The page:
Protracted nuclear talks with Iran have devolved into a "dangerous series" of concessions, and Congress needs to finally step in ensure Iran's complete disarmament, says Republican Sen. Tom Cotton, an Iraqi war veteran.
In commentary for The Wall Street Journal,
the Arkansas lawmaker, a member of the Senate Banking and Intelligence committees, mounted a blistering attack on Iran's terror track record, and questioned the Obama's administration's slow-go negotiations as a way to avoid "any deadline for itself or congressional review of its actions."
"This makes congressional action all the more necessary," Cotton writes.
"Our negotiating 'partner,' Iran, is not a rational or peaceful actor," he argues, adding: "[I]t is a radical, Islamist tyranny whose constitution explicitly calls for jihad. Iran’s ayatollahs have honored the call: Iran has been killing Americans for more than three decades."
"During my tour in Baghdad leading an infantry platoon, Iran supplied the most advanced, most lethal roadside bombs used against coalition forces," Cotton writes. "My soldiers and I knew that Iranian-supplied bombs were the one thing our armored vehicles couldn’t withstand. All we could do was hope it wasn’t our day to hit one. My platoon was lucky; too many others were not."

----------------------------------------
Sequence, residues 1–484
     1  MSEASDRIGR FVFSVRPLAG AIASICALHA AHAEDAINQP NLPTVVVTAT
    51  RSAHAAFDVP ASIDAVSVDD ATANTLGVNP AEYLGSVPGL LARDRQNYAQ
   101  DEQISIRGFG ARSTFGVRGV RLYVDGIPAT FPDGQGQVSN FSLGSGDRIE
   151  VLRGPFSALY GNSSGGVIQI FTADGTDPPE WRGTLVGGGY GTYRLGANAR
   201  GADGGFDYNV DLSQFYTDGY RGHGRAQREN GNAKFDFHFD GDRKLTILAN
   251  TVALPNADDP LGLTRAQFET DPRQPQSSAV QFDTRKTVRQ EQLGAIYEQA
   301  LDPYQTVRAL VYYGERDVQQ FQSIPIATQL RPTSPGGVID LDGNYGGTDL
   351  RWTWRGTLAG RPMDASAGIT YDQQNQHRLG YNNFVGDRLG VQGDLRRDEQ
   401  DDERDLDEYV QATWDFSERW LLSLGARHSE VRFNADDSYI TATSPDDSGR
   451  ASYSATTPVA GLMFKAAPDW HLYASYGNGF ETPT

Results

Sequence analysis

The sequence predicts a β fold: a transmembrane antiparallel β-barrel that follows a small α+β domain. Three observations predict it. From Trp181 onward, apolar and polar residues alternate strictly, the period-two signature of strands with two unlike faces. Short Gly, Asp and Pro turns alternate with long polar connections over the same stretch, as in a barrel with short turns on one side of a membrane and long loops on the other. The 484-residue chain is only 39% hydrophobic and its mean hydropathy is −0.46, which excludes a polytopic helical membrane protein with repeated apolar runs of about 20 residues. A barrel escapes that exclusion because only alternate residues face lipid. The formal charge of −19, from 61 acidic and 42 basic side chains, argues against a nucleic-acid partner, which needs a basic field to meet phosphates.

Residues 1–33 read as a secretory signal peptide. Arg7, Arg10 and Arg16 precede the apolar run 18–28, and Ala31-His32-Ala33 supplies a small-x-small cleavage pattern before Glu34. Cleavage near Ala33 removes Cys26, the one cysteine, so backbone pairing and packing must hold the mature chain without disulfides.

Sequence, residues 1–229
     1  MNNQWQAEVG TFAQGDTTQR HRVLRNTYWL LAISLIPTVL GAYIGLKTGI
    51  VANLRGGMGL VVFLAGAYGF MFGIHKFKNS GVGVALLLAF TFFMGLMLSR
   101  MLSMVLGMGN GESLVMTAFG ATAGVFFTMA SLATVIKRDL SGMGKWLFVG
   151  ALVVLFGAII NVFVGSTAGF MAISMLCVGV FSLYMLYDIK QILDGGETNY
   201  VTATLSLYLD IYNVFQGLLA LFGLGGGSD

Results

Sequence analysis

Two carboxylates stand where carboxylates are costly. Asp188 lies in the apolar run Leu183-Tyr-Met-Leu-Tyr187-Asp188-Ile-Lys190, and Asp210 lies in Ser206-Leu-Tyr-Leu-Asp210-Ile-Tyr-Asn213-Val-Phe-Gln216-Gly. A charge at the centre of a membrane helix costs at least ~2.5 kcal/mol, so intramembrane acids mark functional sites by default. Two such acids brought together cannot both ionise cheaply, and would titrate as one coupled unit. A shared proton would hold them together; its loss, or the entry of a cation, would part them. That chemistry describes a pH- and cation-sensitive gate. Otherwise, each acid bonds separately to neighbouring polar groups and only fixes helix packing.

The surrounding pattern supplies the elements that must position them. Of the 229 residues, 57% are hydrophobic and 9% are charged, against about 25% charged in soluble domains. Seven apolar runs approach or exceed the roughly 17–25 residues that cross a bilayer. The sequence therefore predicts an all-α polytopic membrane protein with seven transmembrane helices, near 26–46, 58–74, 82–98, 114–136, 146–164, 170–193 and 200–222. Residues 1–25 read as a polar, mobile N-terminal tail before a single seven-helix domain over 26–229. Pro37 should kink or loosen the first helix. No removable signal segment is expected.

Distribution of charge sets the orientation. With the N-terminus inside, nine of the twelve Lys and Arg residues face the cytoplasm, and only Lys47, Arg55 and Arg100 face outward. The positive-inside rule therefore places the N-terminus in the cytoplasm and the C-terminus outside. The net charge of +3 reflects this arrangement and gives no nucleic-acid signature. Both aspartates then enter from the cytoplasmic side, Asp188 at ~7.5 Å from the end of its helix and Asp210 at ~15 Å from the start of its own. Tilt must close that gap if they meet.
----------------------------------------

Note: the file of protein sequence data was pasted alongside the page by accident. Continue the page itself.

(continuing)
He also notes more recently, "Iranian-aligned Shiite militants have seized the capital of Yemen," Iran "continues to prop up Bashar Assad ’s outlaw regime in Syria," and that Iran "signed a new defense pact with Russia."
President Barack Obama, he writes, asks that Congress postpone new legislation dealing with the Iranian threat, citing "the sensitivity of nuclear negotiations and Iran’s continuing participation."
"One has to ask: If this is the cooperation that our forbearance has achieved, can America afford any more cooperation from Iran? The answer is no."
Cotton says legislation
approved by the Senate Banking Committee on Thursday would "would impose new conditional and prospective sanctions on Iran if nuclear negotiations fail," and calls for Congress' approval of any nuclear agreement.
"[W]hat began as an unwise gamble has descended into a dangerous series of unending concessions, which is why the time has come for Congress to act," he writes.
"Many Senate Democrats oppose the proposed legislation, agreeing with President Obama that it might cause Iran to 'walk away' from negotiations. Yet sanctions brought Iran to the table in the first place. … The regime in Tehran could easily avoid new sanctions by making a deal."
"Congress must protect America from a bad deal," he insists.
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